What You Didn’t Know About Poaching
Poaching is a doubles play term that means hitting a ball that is coming into your partner’s area of the court.
You may have a belief that poaching is a bad thing. In purely recreational pickleball with inexperienced players, it could be considered bad form. Paddles will slam together, and your teammate will be offended that you’re ‘stealing shots.’
But in real pickleball, poaching is a good thing. First, as you probably know, if both partners are right-handed the person on the left plays two-thirds or even three-quarters of the entire space, so most shots are forehands. The partner on the right guards the line, and is ready to run back to return lobs. Of course the situation is reversed for two left-hand partners. For partners who are opposite-handed, or for those who switch hands, a brief discussion before playing will help resolve who does what when receiving shots down the middle. Poaching is particularly helpful with opposite-hand partners, since there is a general understanding that whoever is best positioned to handle a ball down the middle will do so.
Grabbing a forehand shot on your teammate’s side of the line is not poaching. In fact, it is expected.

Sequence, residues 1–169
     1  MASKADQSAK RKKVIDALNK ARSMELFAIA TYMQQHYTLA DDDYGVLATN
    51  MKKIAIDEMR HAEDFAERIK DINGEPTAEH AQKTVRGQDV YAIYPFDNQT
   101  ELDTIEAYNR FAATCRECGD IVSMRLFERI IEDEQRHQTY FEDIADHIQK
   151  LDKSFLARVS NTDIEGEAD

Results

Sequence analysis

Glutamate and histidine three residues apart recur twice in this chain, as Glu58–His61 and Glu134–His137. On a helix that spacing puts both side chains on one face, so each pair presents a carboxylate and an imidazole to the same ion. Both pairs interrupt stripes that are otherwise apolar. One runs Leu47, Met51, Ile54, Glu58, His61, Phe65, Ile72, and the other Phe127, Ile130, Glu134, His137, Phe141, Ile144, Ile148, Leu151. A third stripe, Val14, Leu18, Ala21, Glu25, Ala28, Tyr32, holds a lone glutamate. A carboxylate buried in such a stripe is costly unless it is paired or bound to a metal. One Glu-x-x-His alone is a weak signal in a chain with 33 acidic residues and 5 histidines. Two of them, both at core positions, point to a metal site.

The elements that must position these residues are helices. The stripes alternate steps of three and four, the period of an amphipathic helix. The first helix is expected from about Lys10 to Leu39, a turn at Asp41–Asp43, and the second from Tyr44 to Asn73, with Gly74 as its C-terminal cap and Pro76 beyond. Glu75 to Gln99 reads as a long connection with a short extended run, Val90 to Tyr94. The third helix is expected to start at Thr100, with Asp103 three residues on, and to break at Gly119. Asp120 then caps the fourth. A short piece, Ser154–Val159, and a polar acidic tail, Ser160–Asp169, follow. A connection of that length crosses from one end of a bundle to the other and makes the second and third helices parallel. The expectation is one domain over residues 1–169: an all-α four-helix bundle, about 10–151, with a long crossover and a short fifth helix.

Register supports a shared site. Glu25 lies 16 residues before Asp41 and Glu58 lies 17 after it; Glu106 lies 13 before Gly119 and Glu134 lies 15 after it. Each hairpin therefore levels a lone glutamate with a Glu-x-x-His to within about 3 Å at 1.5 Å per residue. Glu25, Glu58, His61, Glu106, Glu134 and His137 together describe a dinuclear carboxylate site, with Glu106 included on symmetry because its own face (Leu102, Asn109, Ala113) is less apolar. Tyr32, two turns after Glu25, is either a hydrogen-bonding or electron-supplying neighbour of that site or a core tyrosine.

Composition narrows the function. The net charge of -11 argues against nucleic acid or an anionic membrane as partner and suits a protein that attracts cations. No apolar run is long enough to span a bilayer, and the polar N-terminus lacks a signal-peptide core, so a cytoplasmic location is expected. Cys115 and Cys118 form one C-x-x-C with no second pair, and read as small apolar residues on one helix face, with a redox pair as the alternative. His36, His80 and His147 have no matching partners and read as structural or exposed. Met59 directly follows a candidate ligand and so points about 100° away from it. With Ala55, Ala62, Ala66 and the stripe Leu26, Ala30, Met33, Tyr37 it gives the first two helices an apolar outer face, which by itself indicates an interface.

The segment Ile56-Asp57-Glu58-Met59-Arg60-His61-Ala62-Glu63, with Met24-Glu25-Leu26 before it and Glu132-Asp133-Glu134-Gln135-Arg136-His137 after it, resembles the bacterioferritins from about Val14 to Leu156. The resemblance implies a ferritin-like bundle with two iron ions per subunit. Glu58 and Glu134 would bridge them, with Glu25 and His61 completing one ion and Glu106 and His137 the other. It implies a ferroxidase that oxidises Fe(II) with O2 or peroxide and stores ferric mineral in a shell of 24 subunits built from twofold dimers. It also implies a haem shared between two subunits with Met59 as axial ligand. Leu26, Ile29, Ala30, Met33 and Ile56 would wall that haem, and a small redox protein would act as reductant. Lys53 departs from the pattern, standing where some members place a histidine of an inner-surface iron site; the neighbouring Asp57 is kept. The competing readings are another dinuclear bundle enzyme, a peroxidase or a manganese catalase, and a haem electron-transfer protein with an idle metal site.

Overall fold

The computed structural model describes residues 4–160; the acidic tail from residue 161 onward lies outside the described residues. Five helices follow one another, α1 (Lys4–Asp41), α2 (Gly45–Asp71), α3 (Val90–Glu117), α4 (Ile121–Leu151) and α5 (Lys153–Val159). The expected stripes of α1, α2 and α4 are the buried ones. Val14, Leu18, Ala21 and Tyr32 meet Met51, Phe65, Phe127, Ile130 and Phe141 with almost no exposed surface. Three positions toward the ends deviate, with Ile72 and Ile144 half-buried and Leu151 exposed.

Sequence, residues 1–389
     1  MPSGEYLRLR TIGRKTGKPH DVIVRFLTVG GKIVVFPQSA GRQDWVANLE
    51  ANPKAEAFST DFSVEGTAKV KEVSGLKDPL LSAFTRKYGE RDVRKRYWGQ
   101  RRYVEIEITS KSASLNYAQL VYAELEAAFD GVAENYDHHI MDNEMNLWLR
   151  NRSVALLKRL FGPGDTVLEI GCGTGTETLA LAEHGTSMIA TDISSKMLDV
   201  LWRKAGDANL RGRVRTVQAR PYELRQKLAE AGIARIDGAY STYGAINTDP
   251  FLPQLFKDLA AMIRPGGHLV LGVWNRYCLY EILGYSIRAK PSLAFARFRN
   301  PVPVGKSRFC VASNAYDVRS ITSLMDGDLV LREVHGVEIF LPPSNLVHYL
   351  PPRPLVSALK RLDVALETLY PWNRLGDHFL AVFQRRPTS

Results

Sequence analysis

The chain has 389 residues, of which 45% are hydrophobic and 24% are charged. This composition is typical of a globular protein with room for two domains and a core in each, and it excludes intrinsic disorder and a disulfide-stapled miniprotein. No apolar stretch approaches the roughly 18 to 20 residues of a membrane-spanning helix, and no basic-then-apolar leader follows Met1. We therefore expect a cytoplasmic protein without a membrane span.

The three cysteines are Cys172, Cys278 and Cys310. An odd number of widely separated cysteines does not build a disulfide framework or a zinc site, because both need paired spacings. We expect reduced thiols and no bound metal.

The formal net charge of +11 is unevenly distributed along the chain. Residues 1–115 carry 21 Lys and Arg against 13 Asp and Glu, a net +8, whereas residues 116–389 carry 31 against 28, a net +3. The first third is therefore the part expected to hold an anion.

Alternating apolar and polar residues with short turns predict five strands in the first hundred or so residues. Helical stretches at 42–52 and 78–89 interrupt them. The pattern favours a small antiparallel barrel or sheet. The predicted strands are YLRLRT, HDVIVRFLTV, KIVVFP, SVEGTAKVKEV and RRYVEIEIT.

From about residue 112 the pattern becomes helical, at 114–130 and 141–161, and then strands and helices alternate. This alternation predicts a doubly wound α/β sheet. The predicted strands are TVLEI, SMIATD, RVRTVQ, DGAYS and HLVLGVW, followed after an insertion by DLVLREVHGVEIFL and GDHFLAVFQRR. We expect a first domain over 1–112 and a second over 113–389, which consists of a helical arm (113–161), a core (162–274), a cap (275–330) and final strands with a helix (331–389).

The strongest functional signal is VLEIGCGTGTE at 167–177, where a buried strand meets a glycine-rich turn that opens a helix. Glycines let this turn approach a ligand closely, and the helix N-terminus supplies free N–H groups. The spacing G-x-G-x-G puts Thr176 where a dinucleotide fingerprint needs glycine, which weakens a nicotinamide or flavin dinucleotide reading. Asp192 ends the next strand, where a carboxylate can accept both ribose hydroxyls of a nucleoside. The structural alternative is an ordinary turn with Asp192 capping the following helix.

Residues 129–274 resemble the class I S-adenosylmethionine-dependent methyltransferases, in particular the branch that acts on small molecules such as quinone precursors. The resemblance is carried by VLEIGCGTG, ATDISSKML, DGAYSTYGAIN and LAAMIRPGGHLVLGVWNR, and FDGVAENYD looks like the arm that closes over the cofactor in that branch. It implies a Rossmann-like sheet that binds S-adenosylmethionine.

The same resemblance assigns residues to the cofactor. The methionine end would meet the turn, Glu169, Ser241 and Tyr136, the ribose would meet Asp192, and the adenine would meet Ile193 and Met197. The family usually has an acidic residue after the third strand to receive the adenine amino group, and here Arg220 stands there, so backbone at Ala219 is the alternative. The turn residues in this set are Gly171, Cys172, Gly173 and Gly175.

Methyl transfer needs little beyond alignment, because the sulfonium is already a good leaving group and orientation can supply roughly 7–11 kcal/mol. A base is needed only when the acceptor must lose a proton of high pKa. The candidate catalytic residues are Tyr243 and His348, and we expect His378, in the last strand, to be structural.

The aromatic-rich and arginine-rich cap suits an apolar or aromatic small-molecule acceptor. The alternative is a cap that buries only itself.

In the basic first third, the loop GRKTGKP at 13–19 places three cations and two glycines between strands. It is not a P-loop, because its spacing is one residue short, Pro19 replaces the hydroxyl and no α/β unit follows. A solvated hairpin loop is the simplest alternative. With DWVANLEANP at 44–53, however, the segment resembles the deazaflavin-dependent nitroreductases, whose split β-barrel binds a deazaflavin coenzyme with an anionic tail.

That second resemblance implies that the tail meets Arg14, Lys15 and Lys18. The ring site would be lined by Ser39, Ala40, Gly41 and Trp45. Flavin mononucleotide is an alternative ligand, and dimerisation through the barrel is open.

But how much is too much? Anytime you feel that you can make a controlled offensive shot with 80% chance of success, go for it! Anytime you’re 80% sure your partner can’t get a shot and you can, go for it!
This will often fix a situation in which an inexperienced partner is standing too far back. The partner may complain that you poached. This gives you an opportunity to explain that your partner was not where s/he should have been.
Anytime you’re heavily involved in a fast rally, you can follow through even if your feet are well over the center line – assuming you’re not leaving your opponent an easy opportunity to put away the ball where you were. In some cases, you can even switch positions with your partner as you’re pursuing a rally that takes you to the other side of the court. This is like a switch for a lob, but happens quickly and naturally, as your partner sees the need to cover your side of the court.
Rather extreme poaching has a psychological effect on your opponents. They quickly come to believe nothing that comes over the net will get past you.
If you’re playing with an intermediate player who is still concerned about poaching, you’ll find it helps your game to invite the partner to poach you whenever a good situation arises, and to expect being poached as well.